Buying a first home can be a serious and daunting task – particularly if potential owners are concerned they don't have enough money to purchase the home of their dreams – or even a second, third or fourth choice. A nationwide survey of 24,000 current renters by Apartment List reported that 80 percent of millennials believe they just can't afford a home. But before you put your homebuying dreams back on the shelf, you should look into these five programs that can put you into a new home sooner than you think.
1.Federal Housing Administration (FHA) Loans
The Federal Housing Administration is an agency in the U.S. Department of Housing and Urban Development that insures the FHA housing loans. Loans backed by FHA offer lenders protection from loss if the borrower should default on the mortgage. FHA loans usually have better rates and require smaller down payments than those obtained from other sources. But most importantly, potential FHA borrowers don't need stellar credit to take advantage of the loans. A borrower with a credit score of at least 580 will be able to get a highly competitive loan, according to Bankrate.com. If the credit score is lower than 580, it might still be possible to qualify but the down payment requirement would be at least 10 percent of the total purchase amount.
2. Fannie Mae and Freddie Mac
Fannie and Freddie are also government-sponsored enterprises and get quite a bit of attention in the media. Both companies are also regulated by HUD and the Federal Housing Finance Agency.Fannie Mae was created as part of the New Deal in 1938, in response to the Great Depression and in an attempt to stimulate the housing market. Freddie Mac was established by Congress in 1970 in order to provide competition for Fannie Mae and to further boost the availability of funds for mortgage lending. Both work with financial to offer mortgages for low- and moderate-income families. Mortgages backed by Fannie and Freddie permit lenders to offer competitive interest rates and down payments as little as 3 percent of the purchase price to low-income borrowers. Fannie Mae also offers a homeownership education course for first time buyers through it's HomePath Ready Buyer program.
3. USDA Loan
Not as well-known as Fannie and Freddie, the USDA offers a homebuyer assistance program for low- and very low-income applicants to finance safe and sanitary housing in eligible rural areas by providing payment assistance to increase the borrower's ability to repay the loan. The assistance comes in the form of a subsidy that reduces the mortgage payment for a short time. The amount is determined by adjusted family income. Applicants with a credit score of 640 or higher may get faster processing than those whose score is lower. Scores less than 640 might still qualify but more paperwork will be required.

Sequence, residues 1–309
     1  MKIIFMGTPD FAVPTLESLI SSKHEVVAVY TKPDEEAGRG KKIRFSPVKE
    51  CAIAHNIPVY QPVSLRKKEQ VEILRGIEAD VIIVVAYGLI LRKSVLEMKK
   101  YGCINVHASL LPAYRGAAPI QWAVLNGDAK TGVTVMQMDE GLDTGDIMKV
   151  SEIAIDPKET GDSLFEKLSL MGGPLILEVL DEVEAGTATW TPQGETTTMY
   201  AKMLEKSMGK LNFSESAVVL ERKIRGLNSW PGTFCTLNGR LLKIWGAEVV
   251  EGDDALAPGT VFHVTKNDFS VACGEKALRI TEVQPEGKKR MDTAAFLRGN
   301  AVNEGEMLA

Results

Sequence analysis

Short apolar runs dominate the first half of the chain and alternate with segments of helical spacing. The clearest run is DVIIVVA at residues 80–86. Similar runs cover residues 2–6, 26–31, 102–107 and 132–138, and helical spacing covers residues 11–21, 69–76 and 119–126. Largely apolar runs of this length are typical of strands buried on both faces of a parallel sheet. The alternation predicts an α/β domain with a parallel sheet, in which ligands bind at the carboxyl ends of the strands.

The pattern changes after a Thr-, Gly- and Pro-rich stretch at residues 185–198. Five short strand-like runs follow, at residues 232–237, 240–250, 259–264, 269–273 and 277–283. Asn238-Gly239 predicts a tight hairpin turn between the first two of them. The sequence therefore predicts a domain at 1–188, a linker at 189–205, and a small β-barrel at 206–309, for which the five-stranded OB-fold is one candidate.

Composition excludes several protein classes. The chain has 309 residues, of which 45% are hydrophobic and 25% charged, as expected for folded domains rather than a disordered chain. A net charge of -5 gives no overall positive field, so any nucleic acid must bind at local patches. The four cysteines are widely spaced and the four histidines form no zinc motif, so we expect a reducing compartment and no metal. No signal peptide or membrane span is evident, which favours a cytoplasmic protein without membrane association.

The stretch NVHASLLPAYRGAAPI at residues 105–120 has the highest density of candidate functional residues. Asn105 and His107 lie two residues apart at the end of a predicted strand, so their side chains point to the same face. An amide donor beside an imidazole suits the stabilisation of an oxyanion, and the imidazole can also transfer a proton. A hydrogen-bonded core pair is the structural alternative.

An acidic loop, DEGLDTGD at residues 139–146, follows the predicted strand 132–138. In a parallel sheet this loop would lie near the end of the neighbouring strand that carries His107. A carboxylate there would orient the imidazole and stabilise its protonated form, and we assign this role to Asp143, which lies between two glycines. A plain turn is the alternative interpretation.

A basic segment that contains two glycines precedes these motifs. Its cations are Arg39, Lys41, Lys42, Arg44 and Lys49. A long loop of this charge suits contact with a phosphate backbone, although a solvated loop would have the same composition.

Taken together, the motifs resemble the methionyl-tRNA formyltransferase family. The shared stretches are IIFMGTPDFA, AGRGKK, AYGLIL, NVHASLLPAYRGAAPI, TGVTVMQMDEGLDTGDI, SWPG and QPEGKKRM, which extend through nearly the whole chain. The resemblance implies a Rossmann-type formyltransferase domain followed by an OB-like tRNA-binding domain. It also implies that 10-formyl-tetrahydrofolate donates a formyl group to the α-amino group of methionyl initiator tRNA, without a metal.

4. VA Loan
Active-duty members of the military, veterans and surviving spouses may take advantage of the VA Loan program run by the U.S. Department of Veterans Affairs. Because the VA guarantees part of the loan, lenders can offer special features such as competitive interest rates requiring no down payment. Recipients of VA loans are not required to pay private mortgage insurance and no minimum credit score is needed for eligibility. In addition, borrowers having trouble making payments can ask the VA to negotiate with lenders on your behalf.
5. Good Neighbor Next Door
This HUD program is offered to law enforcement officers, firefighters, emergency medical technicians and pre-K through 12th-grade teachers. Borrowers who apply for a loan through the Good Neighbor Next Door program can receive a discount of up to 50 percent on the list price of homes in certain "revitalization areas." Potential borrowers can look for properties available by state and must commit to living in the home for at least 36 months. A list of eligible single family home in revitalization areas are listed for sale exclusively through the program. HUD offers a substantial incentive in the form of a discount of 50 percent from the list price of the home. In return you must commit to live in the property for 36 months as your sole residence.